Well-Being Guide

Exercise: Pain or Pleasure?

Exercise: Pain or Pleasure?

For people with persisting health problems, obstacles such as pain, fatigue, debilitating symptoms and limited mobility can be very real setbacks to a regular exercise routine…

While it may seem counter-intuitive to exercise when you’re bedridden, housebound or struggling to maintain a ‘normal’ life, a gentle and moderate programme – which for some might be less along the conventional lines of a gym work out and more along the lines of intentional movement, aimed at increasing your levels of fitness – incorporated into the routines of daily life, can relieve much of your pain and fatigue whilst improving your overall health and quality of daily life.

If you’re struggling to find a suitable exercise, try focusing your attention on performing daily activities such as showering, making the bed, preparing meals, shopping and taking care of children whilst at the same time bringing your awareness to your posture, range of movement and the pace you perform each activity. Do what you can do; increase the duration incrementally and only when you’re ready.
Those that can exercise will find that regular participation in low-impact aerobics such as cycling, walking and swimming will help to strengthen and stabilize joints and their surrounding tissues, improve metabolism, increase muscle and bone strength and cardiovascular (heart and blood vessel) function. The gentle stretching movements of yoga can help loosen up tight muscles and joints; assist with balance and strength and when done in the traditional way which emphasizes controlled breathing and awareness, can help to relax, calm and focus the mind. Tai Chi’s non-impact, deliberate movements are another great form of exercise for those with limited movement or energy. Remember that each person is unique, likewise each person is unique in what works for them.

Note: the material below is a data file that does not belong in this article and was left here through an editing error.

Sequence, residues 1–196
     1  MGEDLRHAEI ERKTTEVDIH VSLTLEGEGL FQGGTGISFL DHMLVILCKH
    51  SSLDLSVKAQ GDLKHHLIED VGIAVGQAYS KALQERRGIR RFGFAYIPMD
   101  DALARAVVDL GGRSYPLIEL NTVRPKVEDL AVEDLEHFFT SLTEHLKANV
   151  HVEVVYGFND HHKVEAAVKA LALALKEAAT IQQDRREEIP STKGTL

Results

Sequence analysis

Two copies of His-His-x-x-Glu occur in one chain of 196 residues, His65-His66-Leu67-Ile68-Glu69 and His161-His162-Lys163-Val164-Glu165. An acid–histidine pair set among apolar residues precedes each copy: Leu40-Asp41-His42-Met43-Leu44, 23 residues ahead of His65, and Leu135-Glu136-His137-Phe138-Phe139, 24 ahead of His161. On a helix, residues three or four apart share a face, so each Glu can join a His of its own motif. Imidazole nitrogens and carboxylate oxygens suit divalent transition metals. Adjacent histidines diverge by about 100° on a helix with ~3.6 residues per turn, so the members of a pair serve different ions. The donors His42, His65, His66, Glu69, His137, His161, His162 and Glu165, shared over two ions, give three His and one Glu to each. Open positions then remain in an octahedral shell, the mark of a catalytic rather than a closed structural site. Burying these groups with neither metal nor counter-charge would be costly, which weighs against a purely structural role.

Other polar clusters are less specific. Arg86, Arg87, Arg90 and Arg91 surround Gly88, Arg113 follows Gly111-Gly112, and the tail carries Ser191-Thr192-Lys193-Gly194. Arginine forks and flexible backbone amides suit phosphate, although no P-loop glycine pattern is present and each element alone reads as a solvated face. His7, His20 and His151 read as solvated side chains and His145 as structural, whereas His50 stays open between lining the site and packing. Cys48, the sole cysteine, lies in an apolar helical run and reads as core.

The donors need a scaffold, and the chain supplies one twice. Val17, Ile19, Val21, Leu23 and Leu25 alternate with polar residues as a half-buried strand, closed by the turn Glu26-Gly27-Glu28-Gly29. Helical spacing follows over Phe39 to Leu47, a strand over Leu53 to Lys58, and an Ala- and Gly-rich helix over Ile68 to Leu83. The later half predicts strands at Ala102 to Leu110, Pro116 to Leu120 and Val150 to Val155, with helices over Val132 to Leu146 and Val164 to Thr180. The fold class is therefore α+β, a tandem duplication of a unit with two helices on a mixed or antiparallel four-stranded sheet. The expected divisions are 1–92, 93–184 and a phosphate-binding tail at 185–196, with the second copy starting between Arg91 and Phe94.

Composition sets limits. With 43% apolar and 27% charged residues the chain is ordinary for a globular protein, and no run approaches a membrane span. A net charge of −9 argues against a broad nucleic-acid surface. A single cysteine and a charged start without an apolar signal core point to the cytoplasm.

Here are some simple steps to help get you started or just to keep you going:

Take a slow and steady approach to your exercise and keep in mind why you’re doing it i.e. to go on a bike ride with the family, take a walk around an historical building or simply to have more energy.

Your chances of sticking with an exercise programme are much greater if you like what you are doing, so find a form of exercise you enjoy and incorporate it into a regular part of your normal daily activities.

If you have trouble motivating yourself to exercise alone, exercise with a friend or join a class.

Whatever you do, don’t over do it. Know your limitations and stay within them. Don’t feel like you have to make it through an entire class or push through the pain, as it will likely make you hurt much worse later on.

Above all, try to stay positive – recognising and challenging negative thoughts, can help you to cope better with your challenges.
NB: If you haven’t exercised for a long time, are elderly or have a chronic disease (such as arthritis, fybromyalgia, MS), please see your doctor before you start any new physical activity as they can help to suggest appropriate and safe exercises for you.

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